The Placer Performance Calendar


Great Local Shows - Theatrical Reviews

Title A Charlie Brown Christmas
Organization FreeFall Stage
Date(s) of show December 6-21, 2013
Reviewer Gerry Camp

Christmas  is almost here, but Charlie Brown is depressed in FreeFall Stage’s traditional  production of A Charlie Brown Christmas. Snoopy’s doghouse is decorated with enough lights and ornaments to impress any neighbors, but for Charlie Brown, it’s just another day with no Christmas card in the mailbox.

Charlie Brown is so depressed he decides to seek psychiatric help. Fortunately Lucy is on hand in her lemonade stand psychiatric booth. After depositing the five cent fee, Charlie Brown tells Lucy what he is feeling. She itemizes the list of possible phobias which might apply and decides the diagnosis is “panphobia,” or fear of everything. Charlie Brown needs something to do to improve his self-esteem.

What Lucy prescribes is that Charlie Brown become the director of the neighborhood Christmas play. He gives it a try, but has little success. The kids can’t be distracted from their un-choreographed dancing to Schroeder’s spirited piano playing. Charlie Brown is, however, given another task. He and Linus are sent to select the perfect Christmas tree.

Confronted with several beautifully decorated artificial trees, Charlie is discouraged until he spots a pathetic looking, but real evergreen tree that looks more like a discarded branch. That’s the perfect tree, in Charlie Brown’s eyes, but when he brings it back the other kids are horrified at his choice.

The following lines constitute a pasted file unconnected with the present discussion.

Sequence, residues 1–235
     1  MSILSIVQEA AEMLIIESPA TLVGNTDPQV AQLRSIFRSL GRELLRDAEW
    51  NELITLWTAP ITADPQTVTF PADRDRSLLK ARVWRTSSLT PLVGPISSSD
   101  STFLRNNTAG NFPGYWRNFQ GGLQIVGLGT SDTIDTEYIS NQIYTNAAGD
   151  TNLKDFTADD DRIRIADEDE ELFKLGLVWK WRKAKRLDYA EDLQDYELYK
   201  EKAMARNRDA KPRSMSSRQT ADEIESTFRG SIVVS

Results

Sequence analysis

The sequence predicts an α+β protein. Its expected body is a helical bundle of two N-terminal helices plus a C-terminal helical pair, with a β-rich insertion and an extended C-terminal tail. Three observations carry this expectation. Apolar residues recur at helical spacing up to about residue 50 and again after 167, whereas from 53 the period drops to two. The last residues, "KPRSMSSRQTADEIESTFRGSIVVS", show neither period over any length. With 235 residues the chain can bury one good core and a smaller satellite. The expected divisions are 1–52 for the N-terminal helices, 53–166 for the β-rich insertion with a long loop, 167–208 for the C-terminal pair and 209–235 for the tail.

Charlie Brown again asks what the meaning of Christmas really is, and Linus (Sean Stewart), who up to this point has only mumbled and hidden under his ever-present blanket, drops the blanket, removes his stocking cap, and flawlessly recites the Christmas story from the Bible. This changes the whole mood of the gang, and gathering around Charlie Brown’s tree, they transform it, and perform a Christmas carol worthy of the Christmas play.

The cast, under the skilled direction of Emma Eldridge, are all funny and charming. Standouts are Brendan Jobe, who is the perfect Charlie Brown, and Mia Comstock, who brings the loudmouth Lucy to life. Joey Baciocco as Schroeder makes beautiful music on his tiny toy piano while ignoring Lucy, who is in love with him. Snoopy, who has no lines (he’s a beagle, after all), played by Jaymes Escobedo, comes close on occasion to stealing the show. His costume is amazing. The rest of the cast, Alyssa Jones as Sally, Cameron Wall as Pig-Pen, Gracie Brillisour as Frida, and Tessa Talley as Violet keep the show moving at a rapid pace. Chad Eldridge, thr narrator, keeps the audience informed about the action.

In my opinion, this is a perfect Christmas show to bring children to. Its running time, about 35 minutes, is perfect for young attention spans, and the production crew has installed a front row of beanbag chairs which put the children in the audience almost in the play. And the fun of seeing children as young as eight acting their hearts out and having a total blast with no adults on stage might inspire young audience members to give the stage a try someday themselves. Adults, by the way, will have a great time also.

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